Preparing for an interview
In preparation for an interview you should focus on the following
- A presentation of yourself
- Your motivation for the job
- What do you have to offer?
- Your questions to the interviewer
- Your answers to typical questions
1: A presentation of yourself
How will you answer the question: Tell me about yourself? Formulate a brief, concise and relevant presentation of yourself. Practice saying your presentation aloud in front of the mirror and be especially sharp in your introduction. The presentation should last only a few minutes. What are the three most important things an employer should know about you for the job? Think in both personality and professionalism.
Trap: You tell your whole life story based on a review of your resume. This signals that you cannot prioritise and tell the essence.
2: Your motivation for the job
Why do you want the position? What are you enthusiastic about for the job? Why is this position exactly right for you? The answer can be part of your presentation. Focus on your positive reasons for applying for the job. This requires that you have spent time researching the company and you're familiar with both the company and job content.
Trap: You talk about everything bad in your current or previous job - for example, that you are tired of your boss, get too little pay or that you apply for the position because you're tired of not working.
3: What have you got to offer?
How will you take on tasks? What defines you as a person and your way of working? How do you create results? What are your strengths? Also think about how you can tell your weaknesses in a nuanced and constructive way. This shows that you have self-awareness. Tell concrete positive stories about how you used your skills to achieve good results. The stories demonstrate your skills and strengthen your credibility.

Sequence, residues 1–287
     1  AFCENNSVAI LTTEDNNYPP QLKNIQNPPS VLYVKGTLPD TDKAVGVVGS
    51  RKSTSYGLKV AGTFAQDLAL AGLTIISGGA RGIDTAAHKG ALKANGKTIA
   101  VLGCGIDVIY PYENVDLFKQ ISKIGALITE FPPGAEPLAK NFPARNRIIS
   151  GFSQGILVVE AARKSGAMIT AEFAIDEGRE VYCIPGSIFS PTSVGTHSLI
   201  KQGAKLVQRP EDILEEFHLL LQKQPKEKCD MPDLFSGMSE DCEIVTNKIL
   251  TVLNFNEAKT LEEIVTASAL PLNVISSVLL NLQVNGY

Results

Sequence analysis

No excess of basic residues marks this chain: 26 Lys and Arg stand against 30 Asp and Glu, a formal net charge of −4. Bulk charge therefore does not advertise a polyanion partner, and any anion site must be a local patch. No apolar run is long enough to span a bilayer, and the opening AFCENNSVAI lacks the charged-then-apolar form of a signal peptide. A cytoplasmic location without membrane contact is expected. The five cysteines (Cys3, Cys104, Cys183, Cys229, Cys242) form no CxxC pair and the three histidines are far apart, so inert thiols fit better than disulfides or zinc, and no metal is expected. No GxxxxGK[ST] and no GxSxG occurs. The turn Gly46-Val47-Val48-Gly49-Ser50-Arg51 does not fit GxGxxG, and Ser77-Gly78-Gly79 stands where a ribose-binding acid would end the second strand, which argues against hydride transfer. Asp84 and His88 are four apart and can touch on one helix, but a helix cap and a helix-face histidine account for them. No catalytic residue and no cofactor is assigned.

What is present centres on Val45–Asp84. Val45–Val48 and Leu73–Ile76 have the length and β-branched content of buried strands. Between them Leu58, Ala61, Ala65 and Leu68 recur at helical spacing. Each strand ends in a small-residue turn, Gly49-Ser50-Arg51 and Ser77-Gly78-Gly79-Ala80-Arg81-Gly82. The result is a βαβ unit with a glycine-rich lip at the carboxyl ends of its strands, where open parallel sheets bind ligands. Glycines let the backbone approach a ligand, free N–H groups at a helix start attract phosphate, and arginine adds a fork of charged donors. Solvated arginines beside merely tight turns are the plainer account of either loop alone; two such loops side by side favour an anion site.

Trap: You tell long boring stories that are not directly relevant to the job you seek. Or: You exaggerate your adventure exploits, becoming untrustworthy.
4: Your questions to the company
Prepare relevant questions about the company, job content and tasks. Also questions about the corporate culture and management style may contribute to a constructive dialogue. Possible questions include: What is the biggest challenge of the job? What is the most important task to solve? What are the success criteria for the position? What characterizes a successful person in the company? Why is the position vacant? What is the culture?
Trap: You ask too many self-indulgent questions that will signal that you are more concerned with what the company can do for you instead of what you can do for the company.
5: Your answers to typical questions
Prepare the questions you may be asked at the interview. You can be inspired by the questions in the box below. Most people experience some form of nervousness before a job interview. You can take the top off the nervousness by preparing yourself thoroughly. Consider also the nervousness as positive when the adrenaline gets you to think faster.
Trap: You have not prepared for the questions you will be asked. For example: Why did you stop in your last job? What will you be paid?
6: Typical questions at interview
Could you tell me more about yourself? What are your strengths? What are your weaknesses? Why do you want to work for us? How much do you know about the company? Why do you want a new job? Why are you this particular position? What can you do for us that no one else can? How do you see the job - can you give a definition of it? Describe your greatest success. Describe your biggest failure. What is a good boss for you? Where are you in three years ? What are they paying you today? Why did you leave your last job? How long have you been unemployed? What do you think you should have to pay? How satisfied are you with your career so far? What are your future goals?
Questions employers should not ask - but still gets asked once in a while
As an applicant, you may find that the employer asks questions about: Sex, race, religious beliefs, political opinion, ethnic origin, sexual orientation, pregnancy, childbirth or adoption. It is not illegal for the employer to ask those questions, but seeing the employer is not allowed to take the information into account, he or she should completely refrain from asking them.